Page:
In New Orleans, there’s a drag performance every night of the week. (And sometimes, it’s more like three or four or five per night.)
On Saturday afternoons, there's a drag brunch at the Country Club and on Sundays, you can choose from those at The Fillmore New Orleans, Cru, Maison Soule and Artisan Bar and Cafe. Drag queens are reading to children as part of drag story hours at local libraries. Then at night, some of those same queens are doing an entirely different form of drag — wrestling each other in costume as part of the recent birth of drag wrestling in the city.
“These days, you can barely walk down the street without running into a drag show — almost to a fault. There's almost too much drag at this point,” says Vincent DeFonte, who performs drag in the city as Vinsantos and heads the New Orleans Drag Workshop.
“Drag has become so popular because of television that everybody wants at least one drag performer at their event,” DeFonte adds. “It doesn't matter if it's a bat mitzvah or a wedding or a baby's first birthday at this point, there's going to be a drag queen or a drag performer of some sort.”
Drag's roots date back centuries in many cultures, but local drag queens attribute some of the recent popularity of modern drag to the rise of “RuPaul’s Drag Race,” a reality show in which drag queens perform and compete against each other for a $100,000 grand prize.
Since the show began airing in 2009, several winners and fan favorites from the show have accumulated over one million Instagram followers, become producers and performed as part of international tours.
One of RuPaul’s most successful season winners is Gretna native Roy Haylock, aka Bianca Del Rio, who has sold out global comedy tours and starred in two films.
“He's making more money than any (local) drag queen ever, and that's something to say,” says Arthur Severio, who has performed in drag in New Orleans as Reba Douglas off-and-on since the 1980s and has a show, "Jubilee," at the Golden Lantern on Sunday afternoons. “That's mass appeal, a little boy from the West Bank.”
Another local success is Varla Jean Merman (aka Jeffery Roberson), who has appeared on Broadway in "Chicago," played the Sydney Opera House and Carnegie Hall, and is currently in residence in Provincetown, Massachusetts for the summer, performing her new show "A Star is Bored."
Drag’s increasing popularity has changed New Orleans’ local drag scene. Local queens say having drag queens “in people’s living rooms” via TV and social media — through popular GIFs and memes — has contributed to a greater acceptance of the art form and the people behind it.
“RuPaul is in everybody's living room,” Severio says. “That was always my thing with Diana Ross. She did more for civil rights because she came in, and she was non-threatening and she was in people's living room, where it just became the norm. So I'm hoping that with enough repeat, we can change things.”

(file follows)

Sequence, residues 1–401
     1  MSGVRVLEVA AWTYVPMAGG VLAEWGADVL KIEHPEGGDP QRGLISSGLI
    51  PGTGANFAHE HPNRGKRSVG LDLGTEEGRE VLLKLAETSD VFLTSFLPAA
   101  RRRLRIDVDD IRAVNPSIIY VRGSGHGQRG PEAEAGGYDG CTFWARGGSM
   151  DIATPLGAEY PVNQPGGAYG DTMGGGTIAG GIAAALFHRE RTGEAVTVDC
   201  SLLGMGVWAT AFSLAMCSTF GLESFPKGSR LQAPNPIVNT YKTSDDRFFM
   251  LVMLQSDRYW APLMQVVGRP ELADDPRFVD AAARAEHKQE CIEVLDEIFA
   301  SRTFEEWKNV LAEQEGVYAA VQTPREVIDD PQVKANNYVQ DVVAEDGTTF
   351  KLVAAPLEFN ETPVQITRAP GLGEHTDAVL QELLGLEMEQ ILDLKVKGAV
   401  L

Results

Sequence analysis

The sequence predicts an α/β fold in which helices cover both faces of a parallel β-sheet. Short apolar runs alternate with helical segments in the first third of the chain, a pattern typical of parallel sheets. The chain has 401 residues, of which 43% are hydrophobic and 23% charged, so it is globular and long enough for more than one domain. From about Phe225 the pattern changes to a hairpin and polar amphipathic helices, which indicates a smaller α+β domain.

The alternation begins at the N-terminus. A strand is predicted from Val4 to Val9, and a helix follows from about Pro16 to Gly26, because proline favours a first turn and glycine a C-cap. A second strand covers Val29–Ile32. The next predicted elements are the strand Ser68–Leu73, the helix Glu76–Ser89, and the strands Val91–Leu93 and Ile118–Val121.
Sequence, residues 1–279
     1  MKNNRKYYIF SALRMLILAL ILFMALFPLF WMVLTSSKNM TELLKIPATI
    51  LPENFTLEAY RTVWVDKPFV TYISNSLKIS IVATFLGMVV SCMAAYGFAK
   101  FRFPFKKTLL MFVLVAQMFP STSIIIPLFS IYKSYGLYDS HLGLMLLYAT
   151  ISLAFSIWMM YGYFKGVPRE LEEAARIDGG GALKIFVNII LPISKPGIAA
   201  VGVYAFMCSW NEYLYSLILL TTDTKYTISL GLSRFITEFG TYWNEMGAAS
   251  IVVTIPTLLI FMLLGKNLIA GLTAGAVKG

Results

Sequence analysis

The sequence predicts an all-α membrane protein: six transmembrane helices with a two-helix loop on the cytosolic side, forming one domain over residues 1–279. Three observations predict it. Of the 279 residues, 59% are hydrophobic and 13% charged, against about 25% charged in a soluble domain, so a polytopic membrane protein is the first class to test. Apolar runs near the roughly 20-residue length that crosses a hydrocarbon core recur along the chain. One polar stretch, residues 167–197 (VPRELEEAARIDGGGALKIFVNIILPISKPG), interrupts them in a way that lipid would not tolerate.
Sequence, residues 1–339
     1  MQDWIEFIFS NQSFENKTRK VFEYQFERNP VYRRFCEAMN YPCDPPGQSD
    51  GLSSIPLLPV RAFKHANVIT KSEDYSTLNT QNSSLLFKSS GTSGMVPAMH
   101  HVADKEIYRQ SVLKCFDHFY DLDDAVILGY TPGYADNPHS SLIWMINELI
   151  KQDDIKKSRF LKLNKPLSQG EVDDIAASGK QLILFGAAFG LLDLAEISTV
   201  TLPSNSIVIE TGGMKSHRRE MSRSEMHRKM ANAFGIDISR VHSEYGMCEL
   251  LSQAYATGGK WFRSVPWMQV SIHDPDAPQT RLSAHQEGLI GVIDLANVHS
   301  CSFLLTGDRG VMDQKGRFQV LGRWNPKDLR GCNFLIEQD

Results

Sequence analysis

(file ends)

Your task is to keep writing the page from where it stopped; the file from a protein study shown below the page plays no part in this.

Quinn Laroux, a performer who started NOLA Drag Tours in January, says she also has personally experienced exposure leading to acceptance.
Laroux says that when she first began giving LGBT history tours in the French Quarter, seeing someone dressed in drag during the day was “a real culture shock” for some people. She says she experienced street harassment initially, but over time it faded as people came to expect her giving her daily tours. (She even calls a former catcaller a friend now.)
“I don't think that the popularity of the show necessarily reflects popularity of in-person drag, but I think it does change the way that people respond to it,” Laroux says. “It's no longer cool to make fun of the drag queen. I'm far more likely to have a bunch of bros say ‘Yas, queen!’ than to harass me these days, and I think that's just a really good sign.”
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With more drag queens in the city, however, queens are forced to reinvent themselves and hone their craft.
“I think it's ultimately made a lot of people step their game up because there's a new drag queen every single day,” self-described “drag extraordinaire” Laveau Contraire says, “and in order to continue to be relevant and continue to be booked, you've got to constantly be keeping your eye on what's popular and what's making you you — and then elevate it to the highest level.”
But seeing the success of TV queens has been difficult for some locals, who have been working in drag for years to achieve a fraction of the success RuPaul’s queens achieve.
“At first, I was a little bitter when 'Drag Race' hit its stride, just because these people that got on the show were getting this kind of instant fame, like television does with people,” DeFonte says.
“This is a really hard industry, and especially with the success of the television queens, they're going to get the gigs first. Us that have been in the business for a while and have just been clawing away at it are going to get them second, and then everyone else can fight over the rest.”
Contraire agreed, adding that some local queens resisted drag becoming mainstream, since the performance art historically has been underground.
Even some who initially were resentful about the success of the queens on “Drag Race” say the popularity of the show and the increasing public awareness of drag have been net positives for the New Orleans scene.
“What I came to realize over the next few years is that it just opened up, as far as a career artist, it opened up a whole world for me of work and possibilities,” DeFonte says. “It created a demand that was able to give me a full-time job.”